More specifically, like MSTG, TMGH identify the quiddity of “cross situational learning” with the following mechanism:
…keeping track of multiple hypotheses about a word’s meaning across successive learning instances, and gradually converg[ing] on the correct meaning via an intersective statistical process (128).
What they demonstrate is that even in simple stylized psych lab contexts when acquirers “are placed in the initial novice state of identifying word-to-referent mappings across learning instances, evidence for such a multiple hypothesis tracking procedure is strikingly absent (128),” and learners don’t “track the cross-trial statistics in order to build the correct mappings between words and referents (129).” What acquirers do is “make a single conjecture upon hearing the word used in context and carry that conjecture forward to be evaluated for consistency with the next observed context (129).” If confirmed, the guess is retained, if disconfirmed, acquirers guess again as if de novo.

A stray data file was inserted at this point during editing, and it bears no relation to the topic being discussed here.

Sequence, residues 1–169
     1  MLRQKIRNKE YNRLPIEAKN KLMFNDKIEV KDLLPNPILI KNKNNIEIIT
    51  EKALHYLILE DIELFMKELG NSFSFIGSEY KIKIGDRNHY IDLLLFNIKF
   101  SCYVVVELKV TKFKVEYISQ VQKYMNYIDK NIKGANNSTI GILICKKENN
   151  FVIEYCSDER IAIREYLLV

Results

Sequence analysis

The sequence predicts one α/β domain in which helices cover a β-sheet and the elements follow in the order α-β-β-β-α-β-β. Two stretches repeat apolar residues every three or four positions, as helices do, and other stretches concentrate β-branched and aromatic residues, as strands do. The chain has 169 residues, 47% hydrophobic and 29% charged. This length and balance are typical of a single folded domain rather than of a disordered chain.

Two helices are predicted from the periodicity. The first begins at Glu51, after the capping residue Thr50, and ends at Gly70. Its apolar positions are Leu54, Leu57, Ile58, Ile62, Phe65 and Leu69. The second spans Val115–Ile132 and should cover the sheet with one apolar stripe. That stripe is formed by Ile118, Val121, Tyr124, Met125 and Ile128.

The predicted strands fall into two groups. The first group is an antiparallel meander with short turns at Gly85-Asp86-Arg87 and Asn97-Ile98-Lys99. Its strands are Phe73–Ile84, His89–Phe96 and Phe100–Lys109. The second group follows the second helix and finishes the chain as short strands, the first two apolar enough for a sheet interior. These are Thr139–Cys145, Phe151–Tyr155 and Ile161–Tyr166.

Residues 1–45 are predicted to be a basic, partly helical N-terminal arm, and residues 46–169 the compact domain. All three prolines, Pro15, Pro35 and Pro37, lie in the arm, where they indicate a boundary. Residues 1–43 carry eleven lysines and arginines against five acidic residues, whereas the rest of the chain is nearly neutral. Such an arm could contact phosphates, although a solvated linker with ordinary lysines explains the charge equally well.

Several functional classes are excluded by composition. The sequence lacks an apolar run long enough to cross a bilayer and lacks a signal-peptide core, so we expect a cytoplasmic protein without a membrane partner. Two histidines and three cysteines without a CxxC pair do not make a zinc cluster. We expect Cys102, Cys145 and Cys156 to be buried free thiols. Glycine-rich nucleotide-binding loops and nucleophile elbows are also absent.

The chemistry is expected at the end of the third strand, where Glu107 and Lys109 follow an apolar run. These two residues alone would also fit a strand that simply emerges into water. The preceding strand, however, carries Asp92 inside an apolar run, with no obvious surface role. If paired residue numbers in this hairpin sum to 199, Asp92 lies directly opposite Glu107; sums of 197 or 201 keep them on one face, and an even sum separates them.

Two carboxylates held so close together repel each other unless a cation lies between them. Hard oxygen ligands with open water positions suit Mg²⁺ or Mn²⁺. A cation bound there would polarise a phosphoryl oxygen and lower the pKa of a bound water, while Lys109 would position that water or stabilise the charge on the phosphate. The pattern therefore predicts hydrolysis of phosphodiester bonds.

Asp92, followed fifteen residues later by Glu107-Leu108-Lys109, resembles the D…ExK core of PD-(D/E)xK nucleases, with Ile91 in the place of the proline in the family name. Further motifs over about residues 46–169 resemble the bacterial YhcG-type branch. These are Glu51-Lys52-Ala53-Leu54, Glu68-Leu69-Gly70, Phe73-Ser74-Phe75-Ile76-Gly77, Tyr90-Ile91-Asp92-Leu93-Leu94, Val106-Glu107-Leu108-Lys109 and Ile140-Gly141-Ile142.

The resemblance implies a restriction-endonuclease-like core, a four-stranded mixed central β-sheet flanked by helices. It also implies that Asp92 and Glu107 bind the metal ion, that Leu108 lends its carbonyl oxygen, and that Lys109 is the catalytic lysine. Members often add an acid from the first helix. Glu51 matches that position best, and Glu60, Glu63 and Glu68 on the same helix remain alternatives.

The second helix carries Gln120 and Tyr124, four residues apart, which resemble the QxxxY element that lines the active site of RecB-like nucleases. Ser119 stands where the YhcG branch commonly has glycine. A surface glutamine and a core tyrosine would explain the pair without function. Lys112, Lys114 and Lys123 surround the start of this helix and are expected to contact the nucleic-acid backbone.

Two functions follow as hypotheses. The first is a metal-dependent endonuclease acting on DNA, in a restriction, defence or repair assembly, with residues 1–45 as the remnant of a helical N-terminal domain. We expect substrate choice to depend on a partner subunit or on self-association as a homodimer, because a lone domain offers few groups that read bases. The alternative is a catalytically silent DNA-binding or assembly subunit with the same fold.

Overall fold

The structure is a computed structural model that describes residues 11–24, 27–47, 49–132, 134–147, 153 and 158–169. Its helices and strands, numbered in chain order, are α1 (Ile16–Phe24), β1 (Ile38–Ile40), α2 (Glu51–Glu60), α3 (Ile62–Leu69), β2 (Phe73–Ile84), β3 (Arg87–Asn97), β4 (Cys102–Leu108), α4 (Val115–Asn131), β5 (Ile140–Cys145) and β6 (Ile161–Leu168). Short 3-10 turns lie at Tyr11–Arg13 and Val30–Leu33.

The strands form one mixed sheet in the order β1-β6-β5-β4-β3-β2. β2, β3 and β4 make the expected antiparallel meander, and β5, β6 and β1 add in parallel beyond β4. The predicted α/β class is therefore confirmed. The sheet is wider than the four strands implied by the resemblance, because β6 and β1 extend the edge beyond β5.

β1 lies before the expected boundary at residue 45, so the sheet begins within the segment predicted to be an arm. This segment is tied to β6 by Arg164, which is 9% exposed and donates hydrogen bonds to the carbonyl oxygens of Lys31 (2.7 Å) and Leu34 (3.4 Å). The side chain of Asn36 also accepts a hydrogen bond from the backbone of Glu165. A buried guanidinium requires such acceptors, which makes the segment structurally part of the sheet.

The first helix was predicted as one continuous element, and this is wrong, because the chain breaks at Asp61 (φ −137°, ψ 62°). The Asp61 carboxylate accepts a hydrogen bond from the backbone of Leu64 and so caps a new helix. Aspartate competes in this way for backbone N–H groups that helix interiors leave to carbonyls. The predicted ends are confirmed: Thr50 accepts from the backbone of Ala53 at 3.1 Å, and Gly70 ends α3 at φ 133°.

TMGH show this (same with MSTG) by considering the dynamics of knowledge fixation: “how learning accuracy unfolded across learning instances (130).” This is very interesting stuff and I strongly recommend that you look at the details. However, just as interesting is the little bit of history that TMGH review. TMGH acknowledge tapping into a long history of criticism of this traditional gradual/comparative conception of learning. In the late 1950s and early 1960s first Irvin Rock (1957) and then William Estes (1960) used very analogous kinds of arguments to demonstrate that verbal learning was not learning at all but was one-trial guessing. They did not fare so well. As Roediger and Arnold (RA) (2012) put it “the verbal learning establishment rose up to smite down these new ideas (2).” It is instructive to read the RA paper for it shows the weakness of the counter-arguments used against Rock and Estes that nonetheless carried the day. Just like today, learning was less a hypothesized mechanism for acquisition than a definitional truth about it.